By Capt. Murray Shugars, 2nd Battalion, 198th Combined ArmsMarch 1, 2010
CONTINGENCY OPERATING LOCATION Q-WEST, Iraq - A Mississippi Army National Guard Soldier received a command sergeant major's award during a ceremony here, Feb. 15.
Sgt. Kyle R. Stegall, a vehicle commander from Sugarland, Texas, serving with C Company, 2nd Battalion, 198th Combined Arms, 155th Brigade Combat Team, an armor company out of Oxford and Indianola, Miss., 13th Expeditionary Sustainment Command, was acknowledged for embodying the Army value of respect.
To honor outstanding service at the end of the deployment, the senior noncommissioned officers of the battalion recognized seven Soldiers throughout the battalion, each of whom embody one of the Army values of loyalty, duty, respect, service, honor, integrity and personal courage, said Command Sgt. Maj. Perry Campbell.
"This is an NCO-driven effort to honor Soldiers who stood out during the deployment," said Campbell, a native of Senatobia, Miss. "The NCOs wanted to remind every Soldier in the battalion that outstanding service is not always the result of a single act. It is the everyday practice of upholding the Army values."
1st Sgt. John Moyer said that Stegall embodies respect because he lives by the golden rule.
"Respect is treating people as they should be treated, treating them as you would like them to treat you," said Moyer, a native of Tutwiler, Miss. "Sergeant Stegall is a leader who gives respect, who treats fellow Soldiers with dignity, and he inspires the same from them. This is not just the golden rule; it is at the core of military discipline and cohesion."
Moyer said he was proud to serve with Soldiers like Stegall.
"Sergeant Stegall is a person dedicated to excellence," said Moyer. "I've known him since he first joined the company, when he began as a student at the University of Mississippi in Oxford, majoring in finance. He is very tactically and technically sound, but he inspires other Soldiers more because of the respect he shows them. I have watched in make achieve the rank of sergeant in only four years, and his abiding respect and esteem for the Army and for fellow Soldiers has been a key to his rapid ascent. Soldiers like sergeant Stegall give old warriors like me hope for the future of the armed forces."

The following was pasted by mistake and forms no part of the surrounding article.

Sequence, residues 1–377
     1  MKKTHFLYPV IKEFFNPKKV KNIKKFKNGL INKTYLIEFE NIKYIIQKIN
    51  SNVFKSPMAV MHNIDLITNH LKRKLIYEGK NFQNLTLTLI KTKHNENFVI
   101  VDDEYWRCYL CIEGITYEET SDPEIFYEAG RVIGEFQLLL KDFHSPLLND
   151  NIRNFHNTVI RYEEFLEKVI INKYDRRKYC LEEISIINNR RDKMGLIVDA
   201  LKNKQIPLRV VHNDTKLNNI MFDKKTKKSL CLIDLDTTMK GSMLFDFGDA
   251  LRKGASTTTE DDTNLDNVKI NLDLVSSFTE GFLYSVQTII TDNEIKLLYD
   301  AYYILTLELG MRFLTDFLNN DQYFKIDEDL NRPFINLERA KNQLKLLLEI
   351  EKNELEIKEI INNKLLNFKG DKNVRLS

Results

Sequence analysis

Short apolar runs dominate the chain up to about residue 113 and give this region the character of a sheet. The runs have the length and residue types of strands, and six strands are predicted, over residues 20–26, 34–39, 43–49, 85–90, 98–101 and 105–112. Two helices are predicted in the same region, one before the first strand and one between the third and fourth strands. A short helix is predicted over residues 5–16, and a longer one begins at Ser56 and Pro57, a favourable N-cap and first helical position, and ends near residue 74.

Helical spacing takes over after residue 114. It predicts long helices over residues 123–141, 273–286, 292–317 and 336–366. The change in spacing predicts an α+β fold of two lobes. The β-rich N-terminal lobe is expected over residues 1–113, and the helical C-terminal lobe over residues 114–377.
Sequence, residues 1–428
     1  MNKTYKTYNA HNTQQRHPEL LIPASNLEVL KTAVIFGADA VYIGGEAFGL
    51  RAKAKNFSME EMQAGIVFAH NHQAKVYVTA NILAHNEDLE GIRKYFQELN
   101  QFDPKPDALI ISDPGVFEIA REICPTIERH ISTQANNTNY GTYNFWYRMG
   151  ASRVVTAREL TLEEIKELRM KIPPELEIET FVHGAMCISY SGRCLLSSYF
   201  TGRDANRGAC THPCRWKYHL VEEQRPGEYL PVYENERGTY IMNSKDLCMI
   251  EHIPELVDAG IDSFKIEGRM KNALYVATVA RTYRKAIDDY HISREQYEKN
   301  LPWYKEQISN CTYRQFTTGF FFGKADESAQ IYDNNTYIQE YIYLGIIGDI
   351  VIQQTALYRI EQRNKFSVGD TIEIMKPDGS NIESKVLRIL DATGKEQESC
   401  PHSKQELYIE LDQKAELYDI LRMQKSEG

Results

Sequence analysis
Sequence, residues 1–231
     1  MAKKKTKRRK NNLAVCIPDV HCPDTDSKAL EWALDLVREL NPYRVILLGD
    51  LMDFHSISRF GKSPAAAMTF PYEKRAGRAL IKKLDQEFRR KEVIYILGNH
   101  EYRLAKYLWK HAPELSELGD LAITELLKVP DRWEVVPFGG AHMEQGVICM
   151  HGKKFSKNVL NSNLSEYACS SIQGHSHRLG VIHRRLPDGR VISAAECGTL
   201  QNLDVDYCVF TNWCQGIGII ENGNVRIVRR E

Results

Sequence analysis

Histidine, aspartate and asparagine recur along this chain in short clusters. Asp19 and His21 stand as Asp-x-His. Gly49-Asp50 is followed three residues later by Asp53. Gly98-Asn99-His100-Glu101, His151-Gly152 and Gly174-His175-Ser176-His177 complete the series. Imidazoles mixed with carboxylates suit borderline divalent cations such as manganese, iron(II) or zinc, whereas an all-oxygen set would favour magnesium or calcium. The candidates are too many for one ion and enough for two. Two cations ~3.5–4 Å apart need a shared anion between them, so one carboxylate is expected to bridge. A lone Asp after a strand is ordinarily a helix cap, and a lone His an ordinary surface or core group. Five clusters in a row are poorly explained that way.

Stegall is an example to all the Soldiers around him, said Staff Sgt. Michael D. Hammons, a convoy commander and native of Bolivar, Tenn.
"Sergeant Stegall commands the respect of everyone around him because he respects himself," said Hammons. "He carries himself and conducts himself well. Look up the definition of respect in Webster's and you're likely to find his name at the end of it."
Hammons gave an example of how Stegall has distinguished himself.
"We had a 10-day mission that turned into a 30-day mission, and sergeant Stegall was the lead scout truck commander," said Hammons. "He didn't complain and didn't look to get out of that duty. His truck physically led all those missions, and he found us a route out of a tight situation more than once. His crew would follow him anywhere and so would the entire convoy because we trust and respect him."
Stegall said he was surprised by the recognition.
"This is a pretty big honor," said Stegall. "It feels strange to be singled out in front of everybody like this, and I'm not sure I deserve it. This recognition could have gone to a lot of guys in the company."